Phil Zarrow and Jim Hall of ITM Consulting have a very good piece on TC attachment on Board Talk hosted by Circuitmart.com.
In their first session, they talk about permanent TC attachment, such as high temp solder and epoxy (click here for a link to their recording). Yours truly left a comment with the boys:
We are a big fan of conductive Aluminum tape, used along with Kapton for strain relief like you mention in your podcast. We talk about high temp solder and epoxy which can work also, but like you said you got to be careful of mass. Lot of times we see unequal amounts applied per TC that can throw your readings. What is your take on aluminum tape, realizing of course it is a non permanent solution?
Well, they came back with a terrific response (click here for a link to their recording), where they make a clear distinction between destructive vs. non destructive methods. Non destructive methods are often the only option, since customers cannot sacrifice a board for profiling.
Phil goes on to say:
any measurement method, the key element is to get the thermocouple in good contact with what you are trying to measure and to do it in a way that does not modify the area with a lot of extra mass or material that is going to give you an inaccurate reading….
Phil talks about using for example Kapton as a strain relief to ensure there are no stresses on the point of TC attachment. I’ve been saying for years to use techniques such as window paning where you apply Kapton around the boarder of your aluminum tape to help keep your TC secure if profiling more than once the same PCB. Make sure not to put Kapton over the bead since Kapton can behave as an insulator.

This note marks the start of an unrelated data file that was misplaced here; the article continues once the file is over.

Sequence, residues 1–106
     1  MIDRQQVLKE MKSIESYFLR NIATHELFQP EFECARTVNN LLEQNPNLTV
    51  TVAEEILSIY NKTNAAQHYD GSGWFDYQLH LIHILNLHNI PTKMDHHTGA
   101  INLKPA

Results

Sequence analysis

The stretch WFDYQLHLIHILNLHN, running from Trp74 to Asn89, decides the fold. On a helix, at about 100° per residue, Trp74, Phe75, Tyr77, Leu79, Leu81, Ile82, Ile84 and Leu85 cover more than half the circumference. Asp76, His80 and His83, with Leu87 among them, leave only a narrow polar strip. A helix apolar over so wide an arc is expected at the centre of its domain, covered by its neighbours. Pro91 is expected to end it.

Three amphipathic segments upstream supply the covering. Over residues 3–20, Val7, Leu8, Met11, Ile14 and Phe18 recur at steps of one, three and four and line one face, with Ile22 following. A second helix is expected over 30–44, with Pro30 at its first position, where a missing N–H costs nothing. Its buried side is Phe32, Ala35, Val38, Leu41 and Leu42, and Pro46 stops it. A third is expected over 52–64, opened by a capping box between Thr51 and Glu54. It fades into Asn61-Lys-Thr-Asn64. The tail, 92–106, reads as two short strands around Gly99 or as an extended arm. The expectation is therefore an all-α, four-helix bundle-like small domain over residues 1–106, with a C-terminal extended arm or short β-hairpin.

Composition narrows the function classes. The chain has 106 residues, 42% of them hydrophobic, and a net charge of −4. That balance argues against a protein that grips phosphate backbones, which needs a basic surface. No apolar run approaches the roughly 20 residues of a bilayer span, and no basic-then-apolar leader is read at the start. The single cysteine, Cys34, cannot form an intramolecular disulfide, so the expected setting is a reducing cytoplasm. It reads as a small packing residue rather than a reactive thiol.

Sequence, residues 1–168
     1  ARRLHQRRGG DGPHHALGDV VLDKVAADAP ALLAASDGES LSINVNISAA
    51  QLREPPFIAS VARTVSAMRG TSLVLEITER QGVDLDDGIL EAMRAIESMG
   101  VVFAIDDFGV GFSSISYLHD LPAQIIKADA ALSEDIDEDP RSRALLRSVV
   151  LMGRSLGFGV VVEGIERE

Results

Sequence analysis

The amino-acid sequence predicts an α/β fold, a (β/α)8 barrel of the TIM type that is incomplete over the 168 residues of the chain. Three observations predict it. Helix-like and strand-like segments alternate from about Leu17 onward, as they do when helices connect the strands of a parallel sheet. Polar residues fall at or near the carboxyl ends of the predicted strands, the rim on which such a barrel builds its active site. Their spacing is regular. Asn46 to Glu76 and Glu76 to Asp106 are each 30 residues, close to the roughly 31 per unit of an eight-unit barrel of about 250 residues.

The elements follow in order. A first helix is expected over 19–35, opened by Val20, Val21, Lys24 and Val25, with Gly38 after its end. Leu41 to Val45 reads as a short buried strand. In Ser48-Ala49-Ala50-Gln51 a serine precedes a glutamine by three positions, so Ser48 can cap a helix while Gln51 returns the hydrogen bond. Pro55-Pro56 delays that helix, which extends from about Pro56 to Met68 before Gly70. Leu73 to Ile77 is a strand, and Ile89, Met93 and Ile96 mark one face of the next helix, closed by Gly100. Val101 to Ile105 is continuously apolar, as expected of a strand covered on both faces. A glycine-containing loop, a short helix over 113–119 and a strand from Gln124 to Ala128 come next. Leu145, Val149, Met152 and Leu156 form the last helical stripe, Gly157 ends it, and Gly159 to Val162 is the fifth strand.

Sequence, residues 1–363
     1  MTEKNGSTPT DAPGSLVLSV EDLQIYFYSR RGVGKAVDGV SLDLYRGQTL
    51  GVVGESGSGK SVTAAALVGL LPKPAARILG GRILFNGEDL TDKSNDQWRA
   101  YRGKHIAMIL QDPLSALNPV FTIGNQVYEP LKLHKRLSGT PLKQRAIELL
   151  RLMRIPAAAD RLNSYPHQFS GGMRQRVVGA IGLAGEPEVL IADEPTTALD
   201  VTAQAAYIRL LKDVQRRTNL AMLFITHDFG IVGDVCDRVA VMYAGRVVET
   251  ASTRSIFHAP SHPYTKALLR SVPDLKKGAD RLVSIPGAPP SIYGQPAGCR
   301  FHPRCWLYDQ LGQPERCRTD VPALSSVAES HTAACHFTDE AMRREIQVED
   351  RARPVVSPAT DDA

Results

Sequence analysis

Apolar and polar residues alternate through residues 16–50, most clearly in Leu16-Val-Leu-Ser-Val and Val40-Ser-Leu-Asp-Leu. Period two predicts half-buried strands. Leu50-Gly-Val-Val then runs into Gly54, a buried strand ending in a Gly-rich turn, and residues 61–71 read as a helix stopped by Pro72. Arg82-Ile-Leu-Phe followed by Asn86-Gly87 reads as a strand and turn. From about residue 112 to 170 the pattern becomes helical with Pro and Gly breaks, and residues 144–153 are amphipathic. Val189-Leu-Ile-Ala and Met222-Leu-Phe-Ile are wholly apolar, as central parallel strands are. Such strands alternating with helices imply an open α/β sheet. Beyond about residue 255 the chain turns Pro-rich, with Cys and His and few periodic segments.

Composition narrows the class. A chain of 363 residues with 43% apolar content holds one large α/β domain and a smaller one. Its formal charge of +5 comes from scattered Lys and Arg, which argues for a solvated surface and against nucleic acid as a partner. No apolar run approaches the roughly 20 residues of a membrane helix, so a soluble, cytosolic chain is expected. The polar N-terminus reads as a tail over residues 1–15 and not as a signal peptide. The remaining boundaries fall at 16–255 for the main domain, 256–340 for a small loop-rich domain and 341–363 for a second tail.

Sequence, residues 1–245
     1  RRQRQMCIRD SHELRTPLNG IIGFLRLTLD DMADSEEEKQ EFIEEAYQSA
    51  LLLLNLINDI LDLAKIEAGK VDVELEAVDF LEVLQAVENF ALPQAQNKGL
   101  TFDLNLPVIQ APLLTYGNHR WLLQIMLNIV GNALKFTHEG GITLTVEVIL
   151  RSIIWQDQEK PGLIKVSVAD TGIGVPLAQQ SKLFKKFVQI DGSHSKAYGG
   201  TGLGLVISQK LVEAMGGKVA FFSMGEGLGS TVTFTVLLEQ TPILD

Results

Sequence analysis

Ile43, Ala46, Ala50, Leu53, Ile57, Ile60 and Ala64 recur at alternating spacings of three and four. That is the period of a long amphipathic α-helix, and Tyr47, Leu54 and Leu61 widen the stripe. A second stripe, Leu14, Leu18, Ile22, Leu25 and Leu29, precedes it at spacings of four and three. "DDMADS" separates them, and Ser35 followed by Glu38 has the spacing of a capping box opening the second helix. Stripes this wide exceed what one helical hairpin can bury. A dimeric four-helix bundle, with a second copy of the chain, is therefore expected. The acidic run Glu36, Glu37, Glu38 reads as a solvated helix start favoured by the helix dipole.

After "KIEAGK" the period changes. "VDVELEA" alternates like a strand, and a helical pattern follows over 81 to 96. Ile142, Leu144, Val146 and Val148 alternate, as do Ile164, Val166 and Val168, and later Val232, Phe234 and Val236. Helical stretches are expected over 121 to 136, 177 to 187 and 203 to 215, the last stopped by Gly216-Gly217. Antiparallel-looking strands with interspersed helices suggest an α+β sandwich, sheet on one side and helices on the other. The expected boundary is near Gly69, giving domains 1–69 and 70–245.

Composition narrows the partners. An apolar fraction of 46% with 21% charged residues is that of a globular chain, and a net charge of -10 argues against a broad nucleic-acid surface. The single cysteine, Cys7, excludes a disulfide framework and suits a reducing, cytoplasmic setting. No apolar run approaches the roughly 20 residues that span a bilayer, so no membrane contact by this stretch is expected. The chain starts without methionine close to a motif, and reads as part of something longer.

I think Phil makes a great point on emphasizing the “size” of the tape you are using. Again you don’t want the material’s mass to become an issue. So the name of the game is don’t go overboard. Personally I prefer a 1/4″ square piece of aluminum tape along with 1/4″ Kapton.
Jim Hall makes also an excellent point that the same goes for “destructive” methods when using high temp solder and epoxy. You don’t want to overdo it, or the mass can effect your readings. I would add further that you need to be very careful that the mass be equal from TC to TC. It has been my long held belief that the blob of epoxy or solder if of unequal amounts TC to TC, PCB set up to PCB set up will add variability into your process. Just keep your materials to a minimum to get the job done.
Many of these assertions are currently under review by an RIT study. Hope to have results as early as the end of this month. KIC conducted a study 10 years ago on all the materials mentioned (click here for the report). Since a decade has past, one could assume materials have improved therefore warranting a second look. Stay tuned!